Again, my friend, trying to be helpful, says, "I just told you. He's my friend, gez."

I shake my head at my friend, mouth, shut up - now! "Just visiting a friend officer. A day at the beach is all."

Officer Castillo looks at my friend and says, "And apparently a few beers at the beach too huh?"

My friend gives him the "well duh" shrug and Officer Castillo laughs to that. He hands me my ID back and says, go back through and pay the two bucks and have a nice evening.

I'm thinking that's it? He's gonna cut us loose! No jailhouse rape! No dragging a tin cup across the bars! But wait.

"I don't think this was necessary officer." Yeah, it's him again.

Officer Castillo looks at him, then looks at me, and says to me, "You two masterminds get the hell out of my station. Now."

I took the steps three at a time.


Felicia Donovan said...

Mark, you devil, you. You bad, bad man. I'll be running you in NCIC tomorrow under "Repeat Turnstile Evaders." Throw the book at the scofflaw! Mandatory scrubbing of the subway floors, I say.

Seriously, I'm glad you made it out alive to tell this wonderfully entertaining story. You gave me quite a laugh.

Nina Wright said...

Mark, I assume you will use this scene again. In your fiction next time.

The one perquisite all novelists count on: Whether it hurt or was humorous, it gets a second life on our pages.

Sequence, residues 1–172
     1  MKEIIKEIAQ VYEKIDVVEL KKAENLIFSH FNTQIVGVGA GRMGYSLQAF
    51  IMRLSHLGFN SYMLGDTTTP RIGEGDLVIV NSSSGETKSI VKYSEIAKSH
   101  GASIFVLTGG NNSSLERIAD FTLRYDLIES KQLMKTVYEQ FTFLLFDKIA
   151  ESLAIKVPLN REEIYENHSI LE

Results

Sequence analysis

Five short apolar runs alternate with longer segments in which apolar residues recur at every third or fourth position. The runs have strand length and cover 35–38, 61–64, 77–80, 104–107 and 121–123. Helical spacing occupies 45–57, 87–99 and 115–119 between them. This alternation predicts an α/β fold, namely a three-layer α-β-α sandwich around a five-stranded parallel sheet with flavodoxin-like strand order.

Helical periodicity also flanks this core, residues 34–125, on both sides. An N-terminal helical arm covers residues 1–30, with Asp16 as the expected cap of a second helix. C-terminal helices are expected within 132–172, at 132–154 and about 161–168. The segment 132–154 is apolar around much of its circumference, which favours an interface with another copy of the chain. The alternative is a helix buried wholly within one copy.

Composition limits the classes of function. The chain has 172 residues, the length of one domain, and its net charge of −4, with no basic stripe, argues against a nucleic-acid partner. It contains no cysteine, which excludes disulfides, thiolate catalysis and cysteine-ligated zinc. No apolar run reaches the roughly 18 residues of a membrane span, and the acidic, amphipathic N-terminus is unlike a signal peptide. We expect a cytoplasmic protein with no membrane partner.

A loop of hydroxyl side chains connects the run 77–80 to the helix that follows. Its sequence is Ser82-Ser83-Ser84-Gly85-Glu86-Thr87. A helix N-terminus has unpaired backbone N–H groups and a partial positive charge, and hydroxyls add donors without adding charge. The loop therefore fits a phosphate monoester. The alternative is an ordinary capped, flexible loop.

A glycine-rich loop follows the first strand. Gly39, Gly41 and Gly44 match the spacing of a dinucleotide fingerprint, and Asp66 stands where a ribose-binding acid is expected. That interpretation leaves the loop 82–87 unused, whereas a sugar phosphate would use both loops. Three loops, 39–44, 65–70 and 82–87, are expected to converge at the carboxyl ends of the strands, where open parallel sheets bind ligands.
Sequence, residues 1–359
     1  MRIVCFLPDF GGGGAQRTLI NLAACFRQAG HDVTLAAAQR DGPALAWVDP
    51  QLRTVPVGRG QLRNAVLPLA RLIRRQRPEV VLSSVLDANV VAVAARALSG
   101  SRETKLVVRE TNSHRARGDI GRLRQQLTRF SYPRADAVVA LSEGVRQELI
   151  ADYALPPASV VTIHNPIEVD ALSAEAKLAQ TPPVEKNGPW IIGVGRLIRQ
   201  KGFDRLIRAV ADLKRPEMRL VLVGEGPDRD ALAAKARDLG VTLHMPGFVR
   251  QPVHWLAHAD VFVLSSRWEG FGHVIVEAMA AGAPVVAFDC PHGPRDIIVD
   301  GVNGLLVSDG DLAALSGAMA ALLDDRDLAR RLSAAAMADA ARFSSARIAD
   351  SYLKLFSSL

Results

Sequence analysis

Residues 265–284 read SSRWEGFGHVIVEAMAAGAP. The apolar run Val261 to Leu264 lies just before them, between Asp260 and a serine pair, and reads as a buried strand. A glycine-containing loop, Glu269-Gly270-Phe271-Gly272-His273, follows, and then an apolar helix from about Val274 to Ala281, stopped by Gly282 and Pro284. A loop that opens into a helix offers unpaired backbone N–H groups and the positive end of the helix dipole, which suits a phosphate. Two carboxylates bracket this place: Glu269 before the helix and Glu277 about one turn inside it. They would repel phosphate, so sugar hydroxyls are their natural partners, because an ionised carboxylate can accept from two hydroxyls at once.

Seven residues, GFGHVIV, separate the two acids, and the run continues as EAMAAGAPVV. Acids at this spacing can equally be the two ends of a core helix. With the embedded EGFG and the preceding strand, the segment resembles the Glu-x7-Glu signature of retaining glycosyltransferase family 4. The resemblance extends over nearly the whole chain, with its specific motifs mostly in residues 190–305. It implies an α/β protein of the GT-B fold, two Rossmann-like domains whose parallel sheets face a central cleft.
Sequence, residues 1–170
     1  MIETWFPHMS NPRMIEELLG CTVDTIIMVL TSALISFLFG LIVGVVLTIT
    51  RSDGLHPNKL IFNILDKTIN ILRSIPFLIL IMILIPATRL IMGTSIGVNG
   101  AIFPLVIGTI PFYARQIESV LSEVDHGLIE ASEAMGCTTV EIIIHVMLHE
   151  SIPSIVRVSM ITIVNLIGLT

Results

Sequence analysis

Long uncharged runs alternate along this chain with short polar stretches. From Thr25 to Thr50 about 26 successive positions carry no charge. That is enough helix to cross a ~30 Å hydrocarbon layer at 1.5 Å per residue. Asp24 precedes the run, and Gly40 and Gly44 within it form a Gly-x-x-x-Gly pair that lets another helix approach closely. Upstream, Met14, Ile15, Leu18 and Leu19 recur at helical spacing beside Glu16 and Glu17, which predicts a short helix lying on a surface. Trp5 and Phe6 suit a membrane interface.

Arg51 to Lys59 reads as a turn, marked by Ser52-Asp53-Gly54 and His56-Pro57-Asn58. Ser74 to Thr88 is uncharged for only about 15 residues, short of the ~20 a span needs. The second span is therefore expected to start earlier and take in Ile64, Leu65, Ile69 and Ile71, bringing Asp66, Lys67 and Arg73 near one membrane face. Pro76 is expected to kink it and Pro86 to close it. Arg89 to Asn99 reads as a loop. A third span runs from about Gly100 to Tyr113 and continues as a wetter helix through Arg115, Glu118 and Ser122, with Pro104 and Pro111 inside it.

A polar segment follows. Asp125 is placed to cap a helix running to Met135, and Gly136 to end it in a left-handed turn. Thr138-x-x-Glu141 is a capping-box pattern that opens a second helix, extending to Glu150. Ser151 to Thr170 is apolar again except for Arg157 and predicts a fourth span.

Happy writing.


Sue Ann Jaffarian said...

Geez, Mark. Give me your address and I'll send you 2 bucks. Better yet, send me Senior Bano's. I'll send you both 2 bucks.

If that had happened in LA, the cops would have beaten you senseless. It would have been taped, and you could have had a huge freaking law suit.

But, then again, what little underground transit we have doesn't go to the beach, so you would have driven drunk and ended up in jail with gang bangers.

I like your scenario and outcome better.

Thanks for the HUGE laugh!

Anonymous said...

One of the funniest posts I've read in a long time. As someone who rides the Melbourne trains quite a bit, I was picturing our ticket inspectors, uh, customer service representatives [yeah, BIG euphamism] doing this. You would have been handed a fine, full stop. Gotta love NY. Bano was an idiot. He would have been hurting had he taken that tone with our Samoan guys. They are HUGE!

G.M. Malliet said...

Mark, b-b-b-bad to the bone. Always knew it.

But wait until I tell you about my adventures in MySpace. You think *you're* a scofflaw?